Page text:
For over one month now, Mars rover Curiosity has been cruising along the surface of Mars on its way to a Martian mountain named Mount Sharp. The rover's journey will take several months, and it has been setting driving records along the way. Though the extensive driving has left little room in the rover's schedule for in-depth examination of Mars, Curiosity has still been put to good use, recently using its cameras to record Mars' moons passing each other in the night.
This week, NASA announced that Curiosity has once again been used for moon-watching. The rover this month snapped photos of Mars moon Phobos as it passed directly in front of the sun. NASA stated that the new photos are the clearest ever taken of a solar eclipse from the Martian surface. The pictures will help researchers better understand the orbit of Mars' moons.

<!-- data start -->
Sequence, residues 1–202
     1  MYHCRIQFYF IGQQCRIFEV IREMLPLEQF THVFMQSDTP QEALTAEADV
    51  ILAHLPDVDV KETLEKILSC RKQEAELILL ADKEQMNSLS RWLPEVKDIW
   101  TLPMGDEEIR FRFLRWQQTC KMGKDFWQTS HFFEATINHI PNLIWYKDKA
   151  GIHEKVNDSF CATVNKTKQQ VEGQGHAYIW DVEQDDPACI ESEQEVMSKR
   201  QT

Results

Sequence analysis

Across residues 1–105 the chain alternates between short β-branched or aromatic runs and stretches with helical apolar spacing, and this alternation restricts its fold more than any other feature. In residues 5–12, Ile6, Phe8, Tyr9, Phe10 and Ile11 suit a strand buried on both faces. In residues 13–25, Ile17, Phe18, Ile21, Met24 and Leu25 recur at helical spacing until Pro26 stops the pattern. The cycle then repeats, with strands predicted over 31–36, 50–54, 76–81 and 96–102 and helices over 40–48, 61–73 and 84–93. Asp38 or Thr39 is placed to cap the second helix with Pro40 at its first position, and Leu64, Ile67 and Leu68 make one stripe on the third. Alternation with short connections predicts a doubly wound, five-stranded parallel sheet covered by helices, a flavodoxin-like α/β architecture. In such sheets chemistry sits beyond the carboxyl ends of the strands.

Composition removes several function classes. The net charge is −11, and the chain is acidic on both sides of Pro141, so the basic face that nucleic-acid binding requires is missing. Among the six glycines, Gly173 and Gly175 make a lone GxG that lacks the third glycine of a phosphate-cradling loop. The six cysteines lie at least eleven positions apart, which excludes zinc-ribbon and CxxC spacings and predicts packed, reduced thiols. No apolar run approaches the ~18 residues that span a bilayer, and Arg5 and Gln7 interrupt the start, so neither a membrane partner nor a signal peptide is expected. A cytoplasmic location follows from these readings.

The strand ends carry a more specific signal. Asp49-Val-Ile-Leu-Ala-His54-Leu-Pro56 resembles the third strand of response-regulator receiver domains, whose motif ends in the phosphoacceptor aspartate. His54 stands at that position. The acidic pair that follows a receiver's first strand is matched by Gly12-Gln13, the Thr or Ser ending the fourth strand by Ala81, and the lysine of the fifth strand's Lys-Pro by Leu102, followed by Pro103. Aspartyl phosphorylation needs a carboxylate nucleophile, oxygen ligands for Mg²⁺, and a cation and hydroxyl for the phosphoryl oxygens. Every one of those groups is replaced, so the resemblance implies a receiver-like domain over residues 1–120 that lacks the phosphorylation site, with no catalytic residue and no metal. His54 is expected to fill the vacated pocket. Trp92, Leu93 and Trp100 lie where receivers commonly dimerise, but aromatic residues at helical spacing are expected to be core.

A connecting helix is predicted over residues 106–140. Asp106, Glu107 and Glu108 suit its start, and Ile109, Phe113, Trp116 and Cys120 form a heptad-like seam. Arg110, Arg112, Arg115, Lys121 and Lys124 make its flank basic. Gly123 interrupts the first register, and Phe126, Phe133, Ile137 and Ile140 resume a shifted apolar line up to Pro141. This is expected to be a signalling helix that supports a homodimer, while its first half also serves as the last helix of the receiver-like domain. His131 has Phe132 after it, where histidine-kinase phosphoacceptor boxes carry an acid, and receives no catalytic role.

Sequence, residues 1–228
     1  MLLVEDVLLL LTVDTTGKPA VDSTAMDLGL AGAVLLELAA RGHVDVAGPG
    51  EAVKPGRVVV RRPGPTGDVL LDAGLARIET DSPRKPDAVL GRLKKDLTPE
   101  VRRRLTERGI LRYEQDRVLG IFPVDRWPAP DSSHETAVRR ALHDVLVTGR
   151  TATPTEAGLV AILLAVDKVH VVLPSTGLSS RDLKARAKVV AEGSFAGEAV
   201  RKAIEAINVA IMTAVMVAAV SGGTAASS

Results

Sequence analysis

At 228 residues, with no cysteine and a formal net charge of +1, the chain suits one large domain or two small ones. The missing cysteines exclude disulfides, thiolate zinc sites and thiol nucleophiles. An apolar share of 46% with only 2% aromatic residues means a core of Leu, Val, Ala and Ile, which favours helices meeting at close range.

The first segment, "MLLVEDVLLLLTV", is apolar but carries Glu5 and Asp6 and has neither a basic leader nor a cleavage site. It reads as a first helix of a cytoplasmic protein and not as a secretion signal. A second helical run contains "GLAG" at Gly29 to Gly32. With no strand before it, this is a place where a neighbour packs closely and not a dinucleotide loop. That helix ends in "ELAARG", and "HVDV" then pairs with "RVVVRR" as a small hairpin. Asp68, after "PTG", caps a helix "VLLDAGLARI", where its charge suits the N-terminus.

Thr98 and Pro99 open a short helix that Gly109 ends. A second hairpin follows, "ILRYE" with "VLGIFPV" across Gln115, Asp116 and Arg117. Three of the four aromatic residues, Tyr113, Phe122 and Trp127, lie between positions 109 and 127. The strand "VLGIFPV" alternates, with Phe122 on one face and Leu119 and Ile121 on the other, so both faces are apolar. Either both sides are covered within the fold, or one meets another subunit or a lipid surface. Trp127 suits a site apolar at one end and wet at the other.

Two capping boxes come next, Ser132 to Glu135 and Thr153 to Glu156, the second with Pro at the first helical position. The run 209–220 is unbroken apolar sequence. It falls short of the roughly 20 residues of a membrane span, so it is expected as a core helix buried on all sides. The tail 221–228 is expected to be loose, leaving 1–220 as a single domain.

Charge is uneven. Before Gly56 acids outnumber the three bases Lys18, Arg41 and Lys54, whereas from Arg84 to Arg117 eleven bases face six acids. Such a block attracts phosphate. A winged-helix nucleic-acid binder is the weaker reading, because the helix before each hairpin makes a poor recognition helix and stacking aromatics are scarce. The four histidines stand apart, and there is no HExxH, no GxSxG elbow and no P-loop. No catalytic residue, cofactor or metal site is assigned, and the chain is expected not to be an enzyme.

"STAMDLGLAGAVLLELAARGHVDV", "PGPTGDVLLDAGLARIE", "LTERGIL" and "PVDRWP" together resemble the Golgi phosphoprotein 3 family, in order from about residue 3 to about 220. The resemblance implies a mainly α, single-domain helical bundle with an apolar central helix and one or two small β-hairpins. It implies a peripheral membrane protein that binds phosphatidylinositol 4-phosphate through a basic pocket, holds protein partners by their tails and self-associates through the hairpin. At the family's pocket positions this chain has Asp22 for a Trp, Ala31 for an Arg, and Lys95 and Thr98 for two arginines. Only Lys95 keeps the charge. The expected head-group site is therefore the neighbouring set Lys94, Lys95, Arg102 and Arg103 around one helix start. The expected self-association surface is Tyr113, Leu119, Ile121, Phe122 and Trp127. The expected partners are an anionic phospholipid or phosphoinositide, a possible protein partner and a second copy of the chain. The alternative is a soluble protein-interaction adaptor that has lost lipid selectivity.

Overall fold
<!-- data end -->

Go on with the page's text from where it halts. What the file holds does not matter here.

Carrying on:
"This event occurred near noon at Curiosity's location, which put Phobos at its closest point to the rover, appearing larger against the sun than it would at other times of day," said Mark Lemmon, a co-investigator for use of Curiosity's Mastcam and a planetary scientist at Texas A&M University. "This is the closest to a total eclipse of the sun that you can have from Mars.
"This one is by far the most detailed image of any Martian lunar transit ever taken, and it is especially useful because it is annular. It was even closer to the sun's center than predicted, so we learned something."
The released photos are part of a series taken earlier this month. NASA has stated that more photos of the event may be compiled into a movie at a later date.
(Image courtesy NASA/JPL-Caltech/Malin Space Science Systems/Texas A&M University)